Now let’s look at what that means. So take the advice and wealth management business – we have now gone up to over 400 million on a trailing 12-month basis in profitability. That is significant annual growth. Next, our asset management business has grown strongly in profitability, and I think if you measured us profitability against a lot of peers out there, you’ll find it pretty significant. Let’s talk about what that looks like as you look at certain other metrics that you look at. Our wealth management PTI operating margin – 10.8% on a trailing basis versus wealth management peers of 9%. Again, growing nicely. We believe that we can continue to grow this margin. We’ll have some adjustment for the bank, as we mentioned to you; but we believe what we put in place to grow the product, the asset performance that we have and the growth there in clients, as well as productivity of advisors and new recruits coming in, will continue to help that even in a very difficult interest rate environment.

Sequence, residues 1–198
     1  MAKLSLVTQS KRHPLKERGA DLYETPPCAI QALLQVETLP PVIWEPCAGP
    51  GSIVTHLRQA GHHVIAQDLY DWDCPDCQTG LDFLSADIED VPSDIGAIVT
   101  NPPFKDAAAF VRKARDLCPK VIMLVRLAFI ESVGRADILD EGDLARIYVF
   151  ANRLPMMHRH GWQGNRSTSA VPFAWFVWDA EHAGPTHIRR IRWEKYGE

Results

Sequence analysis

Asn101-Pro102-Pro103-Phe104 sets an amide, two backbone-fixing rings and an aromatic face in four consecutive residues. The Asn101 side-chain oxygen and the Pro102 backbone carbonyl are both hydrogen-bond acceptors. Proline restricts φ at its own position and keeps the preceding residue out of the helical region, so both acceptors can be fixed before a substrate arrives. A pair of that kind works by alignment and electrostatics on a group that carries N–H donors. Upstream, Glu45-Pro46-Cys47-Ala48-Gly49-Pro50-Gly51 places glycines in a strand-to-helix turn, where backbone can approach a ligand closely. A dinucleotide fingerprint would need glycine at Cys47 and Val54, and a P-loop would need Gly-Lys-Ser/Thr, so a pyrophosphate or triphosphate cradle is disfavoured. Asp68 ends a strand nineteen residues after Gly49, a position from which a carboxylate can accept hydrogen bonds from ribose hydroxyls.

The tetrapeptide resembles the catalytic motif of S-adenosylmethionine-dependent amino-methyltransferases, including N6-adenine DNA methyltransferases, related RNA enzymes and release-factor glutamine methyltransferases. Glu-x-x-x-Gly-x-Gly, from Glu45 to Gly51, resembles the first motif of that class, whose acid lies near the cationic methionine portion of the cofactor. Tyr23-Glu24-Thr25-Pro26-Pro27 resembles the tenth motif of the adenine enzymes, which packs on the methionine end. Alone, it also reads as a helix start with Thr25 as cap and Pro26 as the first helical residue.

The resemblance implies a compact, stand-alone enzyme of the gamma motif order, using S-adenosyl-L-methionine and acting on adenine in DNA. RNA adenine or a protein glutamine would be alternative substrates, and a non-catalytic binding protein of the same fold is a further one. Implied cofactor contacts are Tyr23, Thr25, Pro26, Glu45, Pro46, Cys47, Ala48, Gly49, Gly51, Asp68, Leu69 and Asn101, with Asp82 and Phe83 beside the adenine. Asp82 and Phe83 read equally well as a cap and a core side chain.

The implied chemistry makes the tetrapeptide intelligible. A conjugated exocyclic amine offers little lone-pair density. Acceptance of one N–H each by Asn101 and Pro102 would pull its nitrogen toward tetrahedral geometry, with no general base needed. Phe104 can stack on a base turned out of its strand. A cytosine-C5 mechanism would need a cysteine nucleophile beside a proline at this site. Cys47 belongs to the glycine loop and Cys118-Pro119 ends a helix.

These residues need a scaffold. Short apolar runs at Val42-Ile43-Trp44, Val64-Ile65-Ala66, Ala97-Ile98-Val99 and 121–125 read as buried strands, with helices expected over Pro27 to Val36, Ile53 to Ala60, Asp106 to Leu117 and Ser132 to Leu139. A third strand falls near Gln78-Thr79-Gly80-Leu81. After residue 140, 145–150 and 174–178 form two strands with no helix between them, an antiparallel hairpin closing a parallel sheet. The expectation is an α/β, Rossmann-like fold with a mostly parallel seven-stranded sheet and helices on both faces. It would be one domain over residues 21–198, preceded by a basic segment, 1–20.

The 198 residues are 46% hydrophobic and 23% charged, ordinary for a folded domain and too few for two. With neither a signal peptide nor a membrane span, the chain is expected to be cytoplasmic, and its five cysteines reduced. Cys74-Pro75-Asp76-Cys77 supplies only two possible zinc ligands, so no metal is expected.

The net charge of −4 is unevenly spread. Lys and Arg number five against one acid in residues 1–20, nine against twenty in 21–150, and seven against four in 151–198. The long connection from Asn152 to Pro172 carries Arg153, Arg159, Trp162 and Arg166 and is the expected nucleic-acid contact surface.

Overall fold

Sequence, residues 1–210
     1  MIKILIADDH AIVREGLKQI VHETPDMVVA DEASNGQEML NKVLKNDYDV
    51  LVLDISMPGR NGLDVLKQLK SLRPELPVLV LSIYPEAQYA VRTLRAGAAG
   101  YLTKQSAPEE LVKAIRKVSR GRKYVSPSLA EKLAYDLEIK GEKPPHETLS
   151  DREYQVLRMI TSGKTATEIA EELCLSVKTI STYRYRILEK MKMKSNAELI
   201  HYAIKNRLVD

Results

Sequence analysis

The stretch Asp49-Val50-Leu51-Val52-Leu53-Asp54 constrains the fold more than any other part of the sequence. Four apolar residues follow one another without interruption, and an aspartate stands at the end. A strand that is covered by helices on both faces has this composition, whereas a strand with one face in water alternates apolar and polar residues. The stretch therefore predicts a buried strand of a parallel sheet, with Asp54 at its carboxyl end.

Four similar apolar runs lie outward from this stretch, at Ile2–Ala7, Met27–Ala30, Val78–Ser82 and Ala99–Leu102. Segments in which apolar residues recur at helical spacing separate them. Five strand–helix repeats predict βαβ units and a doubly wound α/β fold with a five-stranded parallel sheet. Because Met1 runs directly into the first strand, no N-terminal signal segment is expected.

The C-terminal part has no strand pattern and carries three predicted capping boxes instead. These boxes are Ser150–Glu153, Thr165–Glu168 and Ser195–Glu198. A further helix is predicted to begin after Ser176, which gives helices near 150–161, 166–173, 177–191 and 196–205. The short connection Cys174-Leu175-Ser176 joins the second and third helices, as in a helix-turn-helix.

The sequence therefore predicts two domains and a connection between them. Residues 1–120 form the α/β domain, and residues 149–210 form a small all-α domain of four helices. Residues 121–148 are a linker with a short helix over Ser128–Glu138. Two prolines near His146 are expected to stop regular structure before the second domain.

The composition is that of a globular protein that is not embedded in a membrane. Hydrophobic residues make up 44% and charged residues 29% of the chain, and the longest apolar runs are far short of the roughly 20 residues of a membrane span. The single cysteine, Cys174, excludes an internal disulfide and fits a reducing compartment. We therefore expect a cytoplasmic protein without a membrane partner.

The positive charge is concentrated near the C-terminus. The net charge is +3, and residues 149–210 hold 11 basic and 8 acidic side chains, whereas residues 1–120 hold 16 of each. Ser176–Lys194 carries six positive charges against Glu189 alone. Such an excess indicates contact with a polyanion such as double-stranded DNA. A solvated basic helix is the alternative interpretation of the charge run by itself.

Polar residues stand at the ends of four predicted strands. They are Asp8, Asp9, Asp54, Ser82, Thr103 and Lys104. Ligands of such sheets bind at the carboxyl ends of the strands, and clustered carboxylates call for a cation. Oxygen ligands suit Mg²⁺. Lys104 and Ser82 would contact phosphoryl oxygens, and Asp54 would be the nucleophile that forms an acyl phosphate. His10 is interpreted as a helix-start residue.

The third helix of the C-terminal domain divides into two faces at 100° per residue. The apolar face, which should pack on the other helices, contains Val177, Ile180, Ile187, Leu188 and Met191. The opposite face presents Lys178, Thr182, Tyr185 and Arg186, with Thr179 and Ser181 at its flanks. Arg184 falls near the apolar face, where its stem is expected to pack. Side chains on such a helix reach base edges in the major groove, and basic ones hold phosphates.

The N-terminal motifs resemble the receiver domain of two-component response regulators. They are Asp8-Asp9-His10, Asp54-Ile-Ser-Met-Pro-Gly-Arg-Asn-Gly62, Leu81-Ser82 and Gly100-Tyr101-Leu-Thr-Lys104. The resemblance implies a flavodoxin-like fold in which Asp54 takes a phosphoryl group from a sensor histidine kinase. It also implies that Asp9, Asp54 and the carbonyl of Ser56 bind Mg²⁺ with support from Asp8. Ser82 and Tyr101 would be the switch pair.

Our asset management – I know we look at our PTI margins and it looks anemic, but when you adjust for the way it’s accounted for when you net out the gross-up of expenses and with the revenue and the adjustments as our peers report these, you can see that our adjusted margin of 33.2% compares to the average of the asset managers of 33%. Now, that’s not something we just did ourselves. That’s from an outside study that we participate in in benchmarking, and there’s more than one study that has shown that. Now, could we get it better? Absolutely. Are there better performing margins out there for some of our competitors, depending on the product and the distribution that they have? Absolutely. But we believe that we have the opportunity but we’re not disadvantaged today. We’re comparable.